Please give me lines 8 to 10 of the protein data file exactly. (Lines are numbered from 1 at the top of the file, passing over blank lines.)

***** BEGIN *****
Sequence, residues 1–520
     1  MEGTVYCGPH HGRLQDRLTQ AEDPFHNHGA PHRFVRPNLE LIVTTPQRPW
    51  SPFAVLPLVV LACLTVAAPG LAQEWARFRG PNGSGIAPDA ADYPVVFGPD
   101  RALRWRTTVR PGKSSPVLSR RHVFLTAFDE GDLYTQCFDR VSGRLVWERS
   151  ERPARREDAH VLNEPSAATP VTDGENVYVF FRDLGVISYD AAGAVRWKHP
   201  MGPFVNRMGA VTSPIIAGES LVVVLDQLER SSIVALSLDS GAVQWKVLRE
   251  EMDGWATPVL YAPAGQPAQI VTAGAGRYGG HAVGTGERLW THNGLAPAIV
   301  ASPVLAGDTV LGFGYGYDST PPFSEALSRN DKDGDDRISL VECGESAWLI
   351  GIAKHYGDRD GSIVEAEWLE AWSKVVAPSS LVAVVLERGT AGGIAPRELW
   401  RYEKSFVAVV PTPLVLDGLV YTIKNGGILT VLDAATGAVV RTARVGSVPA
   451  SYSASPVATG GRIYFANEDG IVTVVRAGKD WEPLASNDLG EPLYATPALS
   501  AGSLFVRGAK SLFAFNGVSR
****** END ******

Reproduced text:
   301  ASPVLAGDTV LGFGYGYDST PPFSEALSRN DKDGDDRISL VECGESAWLI
   351  GIAKHYGDRD GSIVEAEWLE AWSKVVAPSS LVAVVLERGT AGGIAPRELW
   401  RYEKSFVAVV PTPLVLDGLV YTIKNGGILT VLDAATGAVV RTARVGSVPA